- Two men seriously hurt in crash near Fruitland (9/21/16)3
- Perryville man arrested for alleged patronizing prostitution, harassment (9/23/16)6
- Video and evidence largely confirm trooper's claims in April traffic stop shooting (9/23/16)9
- Cape man may lose eye after shovel beating, police say (9/25/16)2
- Funeral procession of former Cape Girardeau police chief Henry H. Gerecke (9/22/16)17
- Cape man accused of attacking pregnant girlfriend (9/22/16)
- Driver charged with manslaughter in crash that killed 2 (9/27/16)
- Show Me Center upgrades may allow facility to draw more elaborate shows (9/21/16)17
- Man convicted of Perryville convenience-store heist (9/21/16)
- Planning, design puts renovations of H-H building into hotel on hold (9/26/16)5
Pentagon: Missile hit satellite's fuel tank, destroyed toxic chemicals
WASHINGTON -- The Pentagon said Monday it has a "high degree of confidence" that the missile fired at a dead U.S. spy satellite in space destroyed the satellite's fuel tank as planned.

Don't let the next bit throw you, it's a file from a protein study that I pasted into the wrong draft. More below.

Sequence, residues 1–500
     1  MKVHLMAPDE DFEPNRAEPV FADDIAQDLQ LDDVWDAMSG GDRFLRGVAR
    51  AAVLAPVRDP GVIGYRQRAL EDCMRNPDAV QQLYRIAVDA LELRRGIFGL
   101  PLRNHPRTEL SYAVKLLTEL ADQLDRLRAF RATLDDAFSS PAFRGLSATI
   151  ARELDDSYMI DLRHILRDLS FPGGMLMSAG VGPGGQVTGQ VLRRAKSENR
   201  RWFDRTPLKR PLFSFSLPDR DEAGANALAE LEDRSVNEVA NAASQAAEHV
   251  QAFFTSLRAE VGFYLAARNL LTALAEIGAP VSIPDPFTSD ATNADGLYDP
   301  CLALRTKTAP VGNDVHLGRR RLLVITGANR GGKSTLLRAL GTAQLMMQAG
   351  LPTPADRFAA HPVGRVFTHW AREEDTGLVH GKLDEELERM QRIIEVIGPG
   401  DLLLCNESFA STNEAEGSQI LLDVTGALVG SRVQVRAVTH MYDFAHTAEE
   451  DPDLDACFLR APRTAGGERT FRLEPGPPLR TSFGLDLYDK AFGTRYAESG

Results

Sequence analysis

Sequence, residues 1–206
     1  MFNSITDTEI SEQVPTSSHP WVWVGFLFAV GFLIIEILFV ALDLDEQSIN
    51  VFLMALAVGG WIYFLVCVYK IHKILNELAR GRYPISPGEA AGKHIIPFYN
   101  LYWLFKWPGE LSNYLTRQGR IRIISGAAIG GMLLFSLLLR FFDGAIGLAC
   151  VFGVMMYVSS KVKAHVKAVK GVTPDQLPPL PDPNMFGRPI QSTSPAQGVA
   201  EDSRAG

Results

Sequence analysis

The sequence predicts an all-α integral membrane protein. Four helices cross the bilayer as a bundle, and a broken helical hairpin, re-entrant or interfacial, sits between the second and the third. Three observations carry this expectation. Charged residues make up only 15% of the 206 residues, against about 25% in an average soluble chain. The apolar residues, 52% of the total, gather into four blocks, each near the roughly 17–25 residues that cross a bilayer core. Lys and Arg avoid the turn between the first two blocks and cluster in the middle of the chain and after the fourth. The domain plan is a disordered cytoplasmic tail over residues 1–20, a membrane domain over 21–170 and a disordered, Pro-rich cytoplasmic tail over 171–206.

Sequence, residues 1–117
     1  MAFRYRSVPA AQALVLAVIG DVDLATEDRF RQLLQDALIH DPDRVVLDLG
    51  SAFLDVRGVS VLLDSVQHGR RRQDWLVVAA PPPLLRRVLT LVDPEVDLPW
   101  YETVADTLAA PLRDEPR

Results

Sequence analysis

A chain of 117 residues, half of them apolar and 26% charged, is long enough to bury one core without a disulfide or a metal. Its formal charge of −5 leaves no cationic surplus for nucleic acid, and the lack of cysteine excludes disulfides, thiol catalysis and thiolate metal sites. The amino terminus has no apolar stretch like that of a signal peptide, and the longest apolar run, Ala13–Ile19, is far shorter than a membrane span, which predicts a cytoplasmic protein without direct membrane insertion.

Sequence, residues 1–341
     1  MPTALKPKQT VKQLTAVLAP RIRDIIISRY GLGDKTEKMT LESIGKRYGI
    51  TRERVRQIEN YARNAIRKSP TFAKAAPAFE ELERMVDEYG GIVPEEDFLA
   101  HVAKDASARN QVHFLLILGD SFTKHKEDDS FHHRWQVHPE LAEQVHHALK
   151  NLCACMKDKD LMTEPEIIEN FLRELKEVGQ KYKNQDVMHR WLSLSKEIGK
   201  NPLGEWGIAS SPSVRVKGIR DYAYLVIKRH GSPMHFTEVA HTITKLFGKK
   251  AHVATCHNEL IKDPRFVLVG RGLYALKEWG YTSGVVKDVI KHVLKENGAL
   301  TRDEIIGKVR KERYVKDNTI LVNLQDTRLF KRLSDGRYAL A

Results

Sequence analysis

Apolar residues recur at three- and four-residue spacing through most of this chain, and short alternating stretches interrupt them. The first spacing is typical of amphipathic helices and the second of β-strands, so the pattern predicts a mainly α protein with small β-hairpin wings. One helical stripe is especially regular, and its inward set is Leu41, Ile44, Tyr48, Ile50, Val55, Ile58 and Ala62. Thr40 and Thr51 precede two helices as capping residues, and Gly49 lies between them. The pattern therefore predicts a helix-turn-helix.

In its most definitive statement yet on the outcome of last Wednesday's shootdown over the Pacific, the Pentagon said based on debris analysis it is clear the Navy missile destroyed the fuel tank, "reducing, if not eliminating, the risk to people on Earth from the hazardous chemical."
The tank had 1,000 pounds of hydrazine, a toxic substance that U.S. government officials believed posed a potential health hazard to humans if the satellite had descended to Earth on its own.
Pentagon officials had said almost immediately after the shootdown by a missile fired from the USS Lake Erie that it appeared the tank had been hit squarely, but they conducted further analysis before reaching a final conclusion.
As of Monday there had been no reports of debris landing on Earth, and it is unlikely any will remain intact to impact the ground, the Pentagon statement said.